Evaluate the Impact of Internal and External Forces on Macbeth’s Tragic Downfall Analysis

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The impact of internal forces that are influenced by external forces results in Macbeth’s tragic downfall. Macbeth represents a true tragic hero who’s downfall is caused by his internal tragic flaw of ambition. Our initial impression of Macbeth is a brave and capable warrior. However, The external forces that influence Macbeth internally are the Witches and Lady Macbeth. Shakespeare uses language techniques to evoke the influence of the forces on his tragic downfall. An external force that impacts Macbeth internally is the Witches, which leads to his tragic downfall.

Shakespeare uses foreshadow to show the effect of the witches who fuel his fatal flaw, ambition, which shuts out his conscience. At the beginning of the play the witches cite “fair is foul and foul is fair”. The paradox interprets that something foul for one can be fair to another based on perspective. This foreshadows the “foul” act of regicide that Macbeth commits by giving into the temptation of the witches prophecy of becoming King. This appears to be “fair” to him because his ambition to become King clouds his conscience.

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It connects to the theme of appearance versus reality and displays the intended wicked influence of the witches’ duplicitous prophecies. This displays how the Witches influence attacks Macbeth’s internal flaw of ambition, which results in his tragic downfall. However, the witches influenced Macbeth into becoming King but they did not say that Macbeth would murder the Duncan in order for this to happen. “My thought whose murder is yet but fantastical, shakes so my single state of man that function is smothered in surmise”. Here it is apparent that Macbeth has plotted the murder of Duncan independently from his ambition.

Therefore, Macbeth’s internal force of ambition is the main cause of his tragic downfall but was influenced by the witches. Macbeth’s fatal flaw, ambition, is an internal force that leads Macbeth to his tragic downfall. The impact of Macbeth’s ambition on his conscience is conveyed through the use of soliloquy in the play. “I have no spur to prick the sides of my intent, but only vaulting ambition which o’erleaps itself”. This imagery describes how Macbeth imagines himself as a metaphorical wild steed, which has no “spur” to prick on (stop) his intent except his “vaulting ambition”.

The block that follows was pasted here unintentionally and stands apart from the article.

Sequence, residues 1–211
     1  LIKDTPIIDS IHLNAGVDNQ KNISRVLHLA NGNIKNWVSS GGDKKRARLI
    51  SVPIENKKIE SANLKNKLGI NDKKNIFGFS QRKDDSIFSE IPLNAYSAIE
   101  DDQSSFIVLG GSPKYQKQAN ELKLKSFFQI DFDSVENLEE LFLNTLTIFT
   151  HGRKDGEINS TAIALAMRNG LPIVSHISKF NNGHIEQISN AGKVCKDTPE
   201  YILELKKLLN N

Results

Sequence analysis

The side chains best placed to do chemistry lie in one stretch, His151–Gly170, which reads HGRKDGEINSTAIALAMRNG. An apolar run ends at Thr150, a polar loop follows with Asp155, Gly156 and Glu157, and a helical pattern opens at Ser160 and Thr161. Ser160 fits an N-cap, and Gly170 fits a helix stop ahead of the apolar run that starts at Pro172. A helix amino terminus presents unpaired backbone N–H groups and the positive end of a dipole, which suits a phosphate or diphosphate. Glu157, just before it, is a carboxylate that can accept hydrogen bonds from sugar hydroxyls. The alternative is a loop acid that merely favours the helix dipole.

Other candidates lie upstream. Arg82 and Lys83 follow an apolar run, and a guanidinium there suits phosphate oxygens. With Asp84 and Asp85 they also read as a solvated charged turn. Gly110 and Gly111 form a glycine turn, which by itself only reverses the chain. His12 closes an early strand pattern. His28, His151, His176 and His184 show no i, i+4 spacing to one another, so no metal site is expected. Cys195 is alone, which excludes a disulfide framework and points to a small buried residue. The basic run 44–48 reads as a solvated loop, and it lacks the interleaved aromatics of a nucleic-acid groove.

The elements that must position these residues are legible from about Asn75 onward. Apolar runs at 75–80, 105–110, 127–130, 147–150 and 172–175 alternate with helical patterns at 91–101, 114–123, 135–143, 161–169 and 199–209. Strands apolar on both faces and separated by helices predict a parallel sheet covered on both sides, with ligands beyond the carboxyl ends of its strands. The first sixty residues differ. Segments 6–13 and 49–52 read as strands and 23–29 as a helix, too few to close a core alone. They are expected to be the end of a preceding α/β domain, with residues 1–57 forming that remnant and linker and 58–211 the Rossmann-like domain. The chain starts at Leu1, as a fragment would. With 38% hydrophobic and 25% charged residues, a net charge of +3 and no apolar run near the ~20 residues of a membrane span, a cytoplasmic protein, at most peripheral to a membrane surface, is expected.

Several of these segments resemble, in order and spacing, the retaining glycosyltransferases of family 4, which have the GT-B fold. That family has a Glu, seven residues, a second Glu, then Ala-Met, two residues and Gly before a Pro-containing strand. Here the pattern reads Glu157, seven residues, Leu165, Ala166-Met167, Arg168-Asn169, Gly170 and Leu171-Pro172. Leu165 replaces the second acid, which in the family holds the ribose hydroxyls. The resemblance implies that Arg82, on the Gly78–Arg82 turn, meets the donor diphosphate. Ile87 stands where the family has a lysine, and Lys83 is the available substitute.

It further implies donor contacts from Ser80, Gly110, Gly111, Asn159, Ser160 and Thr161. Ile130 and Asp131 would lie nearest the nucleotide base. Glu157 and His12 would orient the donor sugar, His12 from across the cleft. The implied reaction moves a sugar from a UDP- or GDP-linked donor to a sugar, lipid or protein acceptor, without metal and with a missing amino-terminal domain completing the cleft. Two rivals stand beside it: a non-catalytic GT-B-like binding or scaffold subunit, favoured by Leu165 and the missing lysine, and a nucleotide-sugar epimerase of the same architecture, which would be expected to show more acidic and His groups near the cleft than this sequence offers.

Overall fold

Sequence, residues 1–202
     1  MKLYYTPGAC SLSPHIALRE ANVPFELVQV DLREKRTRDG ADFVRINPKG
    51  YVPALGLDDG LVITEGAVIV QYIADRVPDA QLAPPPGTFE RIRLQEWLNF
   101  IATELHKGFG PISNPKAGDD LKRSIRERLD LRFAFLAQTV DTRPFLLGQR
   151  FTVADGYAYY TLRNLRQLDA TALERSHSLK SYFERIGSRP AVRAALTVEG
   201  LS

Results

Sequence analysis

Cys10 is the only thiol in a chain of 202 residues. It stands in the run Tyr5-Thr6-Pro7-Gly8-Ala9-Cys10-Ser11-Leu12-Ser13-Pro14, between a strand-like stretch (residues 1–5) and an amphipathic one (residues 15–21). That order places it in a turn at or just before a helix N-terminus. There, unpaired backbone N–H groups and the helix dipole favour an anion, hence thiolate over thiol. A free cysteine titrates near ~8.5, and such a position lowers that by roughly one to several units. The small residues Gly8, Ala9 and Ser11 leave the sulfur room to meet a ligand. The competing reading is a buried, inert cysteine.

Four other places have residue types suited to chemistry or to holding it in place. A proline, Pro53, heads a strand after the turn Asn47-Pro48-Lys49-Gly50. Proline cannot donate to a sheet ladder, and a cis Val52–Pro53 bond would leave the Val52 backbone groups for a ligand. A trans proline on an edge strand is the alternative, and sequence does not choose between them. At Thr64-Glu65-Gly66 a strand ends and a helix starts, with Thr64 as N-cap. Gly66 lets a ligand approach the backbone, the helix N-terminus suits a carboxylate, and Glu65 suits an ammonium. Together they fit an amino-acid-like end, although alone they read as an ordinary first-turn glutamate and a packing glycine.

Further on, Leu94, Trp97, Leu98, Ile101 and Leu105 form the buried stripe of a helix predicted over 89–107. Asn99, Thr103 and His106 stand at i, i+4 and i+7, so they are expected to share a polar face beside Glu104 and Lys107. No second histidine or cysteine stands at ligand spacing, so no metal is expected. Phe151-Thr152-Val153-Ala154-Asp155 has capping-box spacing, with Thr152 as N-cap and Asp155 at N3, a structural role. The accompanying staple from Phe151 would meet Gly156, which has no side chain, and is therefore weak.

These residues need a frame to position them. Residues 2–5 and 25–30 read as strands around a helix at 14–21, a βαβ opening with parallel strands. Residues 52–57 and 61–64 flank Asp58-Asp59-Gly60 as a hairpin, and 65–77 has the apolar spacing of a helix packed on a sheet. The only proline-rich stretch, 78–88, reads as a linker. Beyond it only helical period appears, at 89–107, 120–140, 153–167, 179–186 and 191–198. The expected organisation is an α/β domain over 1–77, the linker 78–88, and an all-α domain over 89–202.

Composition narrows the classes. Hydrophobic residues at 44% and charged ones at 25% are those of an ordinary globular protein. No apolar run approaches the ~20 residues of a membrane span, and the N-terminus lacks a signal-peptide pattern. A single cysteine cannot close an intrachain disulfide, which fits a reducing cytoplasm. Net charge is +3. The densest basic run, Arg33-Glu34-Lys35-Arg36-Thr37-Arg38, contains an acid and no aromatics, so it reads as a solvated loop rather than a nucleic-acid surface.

The vaulting ambition is so powerful that it over leaps itself, which describes that his desire to be king goes beyond intrinsic limits. This demonstrates the intensity of Macbeth’s ambition as he describes it as the only reason he wanted to kill King Duncan. This also follows the theme of ambition in the play. It is apparent that without this fatal flaw, Macbeth would not have made this tragic error in killing King Duncan (because he would have been saved by his conscience), which resulted in his downfall as a villain.

Therefore, Macbeth’s ambition was one of the key forces that lead him to his tragic downfall. Lady Macbeth was another external force that influenced Macbeth internally, which resulted in his tragic downfall. Lady Macbeth uses her deep-seated ambition to influence Macbeth’s self during the play, which drowns out his conscience. “I would have, while it was smiling in his Have plucked the nipple from his boneless gums and dashed the brains out, had I so sworn as you have done this”.

This imagery evokes how Lady Macbeth would violently kill her own child then break the promise Macbeth made to kill king Duncan. This shows the strong ambition in Lady Macbeth that influenced Macbeth to spark desire in his own ambition. This demonstrates how Lady Macbeth fuels his ambition, which lead to his tragic downfall. Lady Macbeth also gives drowns out his conscience to make his ambition dominant internally. “When you durst do it, then you were a man”. The excerpt describes how Lady Macbeth believes that Macbeth was a man when he dared to commit regicide.

This convinces Macbeth that by not killing Duncan, he is not a man, which by his perspective makes not killing him, wrong. This reverses Macbeth’s view that in reality, the murder is a “foul” act. This shows how Lady Macbeth assures Macbeth that his act is the “fair” thing to do (referring to the witches prophecy). This follows on the theme of appearance versus reality. It also demonstrates impact of Lady Macbeth’s influence on his conscience, which becomes taken over by ambition. This leads Macbeth to his tragic downfall.

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Evaluate the Impact of Internal and External Forces on Macbeth’s Tragic Downfall Analysis. (2016, Dec 24). Retrieved from


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